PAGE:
I was recently in Lebanon visiting family and, every time I’m there, I keep being amazed at the number of unskilled workers you see everywhere. The other day, at the mall, there were even guys at the parking door helping customers get tickets out to get in, or paying the parking before getting out. What's interesting is that in countries where labour cost is somehow low (like Lebanon), the cost of automating this process is still supposedly higher than the cost of managing an army of parking assistants. More specifically, every country has a different labour cost that machines will compete against.
But, what if the low labour cost was not the only reason? What if there were hidden costs that were as powerful as labour cost and error reduction? I happen to think there are two important but usually dismissed costs: the power cost and the social cost.
What’s the difference between a parking manager, managing a dozen guards at the door and a parking manager making sure the machines work fine? The first one is an empowered chief, ruling his will over a dozen souls, the second one is a lonely technician waiting for the machines to eventually fail. You can easily imagine why the parking manager would never want automation to happen as it will definitely diminish their power and social status.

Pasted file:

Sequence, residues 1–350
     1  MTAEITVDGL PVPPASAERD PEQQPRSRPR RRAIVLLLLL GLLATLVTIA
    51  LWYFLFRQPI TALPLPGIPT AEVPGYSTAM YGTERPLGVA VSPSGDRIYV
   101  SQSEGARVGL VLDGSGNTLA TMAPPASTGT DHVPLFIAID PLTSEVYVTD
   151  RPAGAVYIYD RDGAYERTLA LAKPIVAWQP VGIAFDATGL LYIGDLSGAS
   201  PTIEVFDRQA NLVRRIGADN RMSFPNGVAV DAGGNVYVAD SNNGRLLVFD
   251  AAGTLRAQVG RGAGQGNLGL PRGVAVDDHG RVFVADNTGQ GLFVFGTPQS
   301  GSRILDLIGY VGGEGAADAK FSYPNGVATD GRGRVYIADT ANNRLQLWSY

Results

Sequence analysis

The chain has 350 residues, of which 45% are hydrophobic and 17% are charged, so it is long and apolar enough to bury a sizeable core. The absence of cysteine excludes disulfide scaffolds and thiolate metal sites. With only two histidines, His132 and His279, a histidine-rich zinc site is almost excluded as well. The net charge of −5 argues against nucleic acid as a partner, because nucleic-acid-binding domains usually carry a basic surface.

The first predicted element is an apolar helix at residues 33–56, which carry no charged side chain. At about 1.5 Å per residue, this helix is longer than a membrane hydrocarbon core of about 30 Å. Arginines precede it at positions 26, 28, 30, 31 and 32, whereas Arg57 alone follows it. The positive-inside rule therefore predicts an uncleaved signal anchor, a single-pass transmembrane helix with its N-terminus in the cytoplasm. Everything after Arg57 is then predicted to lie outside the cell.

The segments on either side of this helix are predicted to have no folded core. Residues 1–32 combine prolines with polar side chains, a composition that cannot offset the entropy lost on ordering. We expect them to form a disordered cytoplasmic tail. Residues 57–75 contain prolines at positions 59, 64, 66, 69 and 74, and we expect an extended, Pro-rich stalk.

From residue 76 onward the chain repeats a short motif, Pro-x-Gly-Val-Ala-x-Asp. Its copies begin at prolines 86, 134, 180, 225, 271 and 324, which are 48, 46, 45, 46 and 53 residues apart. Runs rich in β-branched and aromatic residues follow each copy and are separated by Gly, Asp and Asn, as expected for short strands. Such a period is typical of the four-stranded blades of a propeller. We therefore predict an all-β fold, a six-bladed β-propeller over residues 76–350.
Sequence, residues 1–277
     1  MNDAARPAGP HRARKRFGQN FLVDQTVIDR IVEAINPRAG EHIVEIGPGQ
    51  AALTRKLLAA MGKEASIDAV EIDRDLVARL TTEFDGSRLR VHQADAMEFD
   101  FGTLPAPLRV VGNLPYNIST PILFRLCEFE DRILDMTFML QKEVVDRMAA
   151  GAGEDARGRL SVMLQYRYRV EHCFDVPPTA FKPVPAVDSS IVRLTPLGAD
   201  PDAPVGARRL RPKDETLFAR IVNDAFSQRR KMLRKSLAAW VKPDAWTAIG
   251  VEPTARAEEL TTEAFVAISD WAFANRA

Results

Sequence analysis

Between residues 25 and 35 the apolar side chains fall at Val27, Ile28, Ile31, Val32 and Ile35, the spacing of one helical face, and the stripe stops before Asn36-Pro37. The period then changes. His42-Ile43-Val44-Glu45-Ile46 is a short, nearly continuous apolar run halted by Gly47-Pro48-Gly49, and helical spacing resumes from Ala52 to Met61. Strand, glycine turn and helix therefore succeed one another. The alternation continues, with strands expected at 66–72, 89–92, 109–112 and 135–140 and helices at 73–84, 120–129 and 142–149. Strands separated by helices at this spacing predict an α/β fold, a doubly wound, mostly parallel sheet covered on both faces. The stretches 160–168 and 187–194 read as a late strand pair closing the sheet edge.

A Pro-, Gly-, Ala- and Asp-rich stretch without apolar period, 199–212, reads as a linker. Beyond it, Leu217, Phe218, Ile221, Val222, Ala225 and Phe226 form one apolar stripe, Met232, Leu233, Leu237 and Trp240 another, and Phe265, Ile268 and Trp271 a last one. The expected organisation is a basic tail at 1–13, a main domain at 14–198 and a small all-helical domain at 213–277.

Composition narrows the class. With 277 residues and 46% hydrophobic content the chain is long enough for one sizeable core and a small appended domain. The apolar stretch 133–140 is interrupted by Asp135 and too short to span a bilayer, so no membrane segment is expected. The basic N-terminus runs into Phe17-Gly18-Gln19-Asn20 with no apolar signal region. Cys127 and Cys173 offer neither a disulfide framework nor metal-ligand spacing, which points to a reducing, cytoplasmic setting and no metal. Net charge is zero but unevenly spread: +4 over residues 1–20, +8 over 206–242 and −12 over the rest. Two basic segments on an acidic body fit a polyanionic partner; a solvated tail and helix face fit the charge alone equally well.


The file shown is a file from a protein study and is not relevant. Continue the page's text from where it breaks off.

Automating the parking process would mean the end of the dozen of guards. The social cost to that, even in a country with limited labor protection, is enormous as unskilled workers losing their job has an immediate impact on the family. It’s like a discussion I had once with the CEO of a European industrial company about automation. He actually said that in family businesses like his, employees are like family and they would prefer lose some productivity (and margins) than losing them.
While we're more and more rooting for automation as an engine for growth and productivity, I think that the awaited transformation will certainly happen less rapidly than expected due to the power and social costs I mentioned.
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